Economic impact of Google's APAC network infrastructure – 2022 update
This report is an update of the Economic impact of Google’s APAC network infrastructure report, released in 2020. The original report described how network infrastructure is the critical link between content and services in content, application and service provider (CASP) data centres, and customers and end users on internet service provider (ISP) networks. The original report and this updated version examine how Google’s investments in network infrastructure have had, and continue to have, a positive impact on the connectivity ecosystem across Asia–Pacific (APAC).
The econometric models we updated for this report estimate that these network infrastructure investments by Google led to 1.3 million additional jobs as of 2021 and USD 640 billion in aggregate GDP for the region (real 2020 USD) from 2010 to 2021. Continued network investments from Google are expected to support 3.5 million additional jobs by 2026 and drive additional economic benefits of approximately USD627 billion in GDP (real 2020 USD) over the next five years (2022–2026).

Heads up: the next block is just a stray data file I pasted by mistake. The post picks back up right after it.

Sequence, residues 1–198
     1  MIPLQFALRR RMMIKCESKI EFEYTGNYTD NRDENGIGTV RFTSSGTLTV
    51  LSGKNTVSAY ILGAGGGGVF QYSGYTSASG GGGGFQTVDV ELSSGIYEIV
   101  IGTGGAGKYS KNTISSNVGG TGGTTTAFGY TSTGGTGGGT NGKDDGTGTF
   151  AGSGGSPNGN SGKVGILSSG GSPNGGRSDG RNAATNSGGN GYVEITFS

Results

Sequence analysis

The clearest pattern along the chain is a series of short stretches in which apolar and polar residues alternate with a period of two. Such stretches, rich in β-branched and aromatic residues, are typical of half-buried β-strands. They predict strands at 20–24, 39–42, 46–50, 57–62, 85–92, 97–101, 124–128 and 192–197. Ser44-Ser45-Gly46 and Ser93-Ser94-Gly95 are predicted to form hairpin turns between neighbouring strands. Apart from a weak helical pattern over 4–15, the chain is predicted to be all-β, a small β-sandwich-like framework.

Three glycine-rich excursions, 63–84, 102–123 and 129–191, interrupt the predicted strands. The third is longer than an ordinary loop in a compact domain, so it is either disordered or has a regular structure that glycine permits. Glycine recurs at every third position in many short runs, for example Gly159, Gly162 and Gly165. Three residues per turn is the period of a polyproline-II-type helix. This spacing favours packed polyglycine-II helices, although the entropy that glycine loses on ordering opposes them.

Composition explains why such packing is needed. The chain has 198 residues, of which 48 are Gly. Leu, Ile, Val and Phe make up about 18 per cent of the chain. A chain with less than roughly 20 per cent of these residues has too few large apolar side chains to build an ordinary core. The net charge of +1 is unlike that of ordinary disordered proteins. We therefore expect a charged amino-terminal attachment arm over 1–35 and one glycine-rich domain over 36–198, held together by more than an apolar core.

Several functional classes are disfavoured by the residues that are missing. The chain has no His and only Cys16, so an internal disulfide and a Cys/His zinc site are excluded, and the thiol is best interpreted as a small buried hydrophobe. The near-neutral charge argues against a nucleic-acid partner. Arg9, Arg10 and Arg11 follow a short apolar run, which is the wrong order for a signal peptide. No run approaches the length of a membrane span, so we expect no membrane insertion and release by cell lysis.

Focus on Japan
Digital connectivity and the economic landscape of Japan have developed significantly since 2020, largely due to the impact of the COVID-19 pandemic, and Google has continued to invest in network infrastructure. Google has invested in three deployed cables (FASTER, SJC and Unity) and has announced that it will invest in two more (Apricot and Topaz).
Google has also continued to invest in edge infrastructure. It has deployed points of presence (PoPs) in nine private peering facilities and cross-connected to internet exchange points (IXPs) at 11 locations. Google also invests in content caches, and Google Global Cache (GGC) nodes have been deployed in 31 cities across Japan. These investments generate social benefits by supporting new use cases and economic benefits in the form of GDP growth and jobs.